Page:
A proposal offered by the Senate Education Committee, chaired by Sen. Molly Baumgardner, R-Louisburg, inserted a Senate bill to ban transgender girls from women’s sport into Senate Bill 55. (Noah Taborda/Kansas Reflector)
TOPEKA — In an impassioned speech late Thursday, Rep. Brandon Woodard called on Kansas House colleagues to reject the notion a bill banning transgender athletes from women’s sports would create a level playing field, saying it would instead send a negligent message almost certainly leading to bullying.
The Lenexa Democrat said the Fairness in Women’s Sports Act — a controversial measure requiring all school-sponsored sports teams to designate each team based on the biological sex of the team members — would also drive business from the state.
Champions of the measure said it would guarantee a level playing field for girls and women. On the other hand, Woodard and other opponents of the bill have argued it would establish a legal authority to further marginalize transgender people and would almost certainly be challenged in court as unconstitutional.
“If we pass this, young people are leaving our state in droves. In fact, young people are one of the biggest, biggest exports of our state of Kansas,” Woodard, one of three openly LGBTQ state lawmakers, said. “It’s not because of taxes. It’s because of backward policy like this.”
On a 76-43 vote, the House approved the proposal from Sen. Molly Baumgardner, R-Louisburg, on behalf of the Senate Education Committee, to replace the contents of Senate Bill 55 with that of the Fairness in Women’s Sports Act. Republican legislators from the House K-12 Education Budget Committee agreed to the proposal.
The Democratic legislators from both chambers on the conference committee opposed the bill.
The Senate is expected to vote on the measure Friday. If passed, the bill will head to Gov. Laura Kelly for review.
The bill would provide little recourse from those seeking to issue complaints on the execution of the bill. Athletic associations, government entities and licensing organizations would be prohibited from entertaining a complaint or opening an investigation against any public education institution upholding these separate teams.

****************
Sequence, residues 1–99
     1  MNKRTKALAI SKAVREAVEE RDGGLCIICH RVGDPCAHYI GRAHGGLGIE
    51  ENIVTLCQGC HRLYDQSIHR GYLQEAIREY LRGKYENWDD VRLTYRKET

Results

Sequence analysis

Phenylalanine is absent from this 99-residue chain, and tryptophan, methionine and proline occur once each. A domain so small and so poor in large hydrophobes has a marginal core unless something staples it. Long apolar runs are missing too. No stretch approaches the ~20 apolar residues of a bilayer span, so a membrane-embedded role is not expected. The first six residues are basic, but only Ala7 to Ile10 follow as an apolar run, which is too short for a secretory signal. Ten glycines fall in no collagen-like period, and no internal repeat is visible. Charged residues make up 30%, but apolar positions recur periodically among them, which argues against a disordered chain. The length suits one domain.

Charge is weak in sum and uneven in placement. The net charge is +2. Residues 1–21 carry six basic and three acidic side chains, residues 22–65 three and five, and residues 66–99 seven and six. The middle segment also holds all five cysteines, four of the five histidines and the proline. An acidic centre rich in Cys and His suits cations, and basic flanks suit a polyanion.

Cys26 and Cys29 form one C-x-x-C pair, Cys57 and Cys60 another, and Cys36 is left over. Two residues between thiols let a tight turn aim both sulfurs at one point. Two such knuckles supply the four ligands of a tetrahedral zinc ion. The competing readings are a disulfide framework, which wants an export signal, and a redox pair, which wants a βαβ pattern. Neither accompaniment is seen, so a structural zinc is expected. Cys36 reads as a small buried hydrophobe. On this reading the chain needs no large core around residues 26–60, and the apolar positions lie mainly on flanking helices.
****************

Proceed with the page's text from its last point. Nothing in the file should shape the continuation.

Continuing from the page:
If the act is violated, individuals and organizations may file a civil suit and seek damages or other relief.
“As a mother of three daughters and one son, I want my daughters to be able to fairly compete,” said Rep. Kristey Williams, R-Augusta, in accepting the Senate proposal. “I must support our girls.”
Rep. Jerry Stogsdill recoiled at the fact a bill banning transgender girls from participating in K-12 or college women’s athletics was even being considered in Kansas.
“I think that this bill is literally the cherry on top of the economic sundae that is certainly melting quickly into a nasty puddle in Kansas,” said Rep. Jerry Stogsdill, D-Prairie Village. “This is morally wrong, and I think it’s prejudicial toward a large segment of our children who do identify differently.”
On the House floor, Rep. Susan Humphries said those voting against the bill don’t support fairness or Title IX.
“What I hear today is that women don’t matter and girls don’t matter,” Humphries said. “I don’t like being called hateful about this, but I think women and girls deserve a fair playing field.”
Opponent testimony on the bill came from Rep. Stephanie Byers, a Wichita Democrat and the state’s first transgender legislator, the Kansas National Education Association and Equality Kansas, among others. During the March hearing on the measure, they noted there are few instances of transgender athletes excelling in athletics due to physiological advantages.
Hundreds of NCAA and professional female athletes have come forward in support of the transgender community and in opposition to similar legislation, Byers said. She said transgender athletes only in the news on the rare occasions they win, not all the times they lose.
“They’re not dominating sports,” Byers said. “If we follow the logic all the way through about a biological advantage, then anybody who is taller than average should not be playing basketball. Anybody who’s arms are longer than average should not be swimming.”
The Attorney General’s office advised legislators that passage of the bill would likely result in a lengthy court battle over the constitutionality of the act.
In that March hearing, Rep. Barbara Ehardt — an Idaho legislator who filed the country’s first bill seeking to ban transgender girls from women’s sports — provided testimony championing the Kansas version of the legislation. Sen. Renee Erickson, R-Wichita, and a member of the conference committee, also provided testimony.
An amendment later introduced by Erickson on the Senate floor eliminated a provision that provided for physical examinations if a child’s gender is called into question. Opponents had argued this section of the bill was highly invasive and likely traumatic.
Even with the examination clause removed, Senate Minority Leaders Dinah Sykes, D-Lenexa, said the bill could have far-reaching consequences on individuals and the state.
“I think excluding women who are trans hurts all women,” Sykes said on Thursday. “It’s a bad policy that we’re trying to put in place. It will affect our economic outcomes in our state and it will hurt business.”
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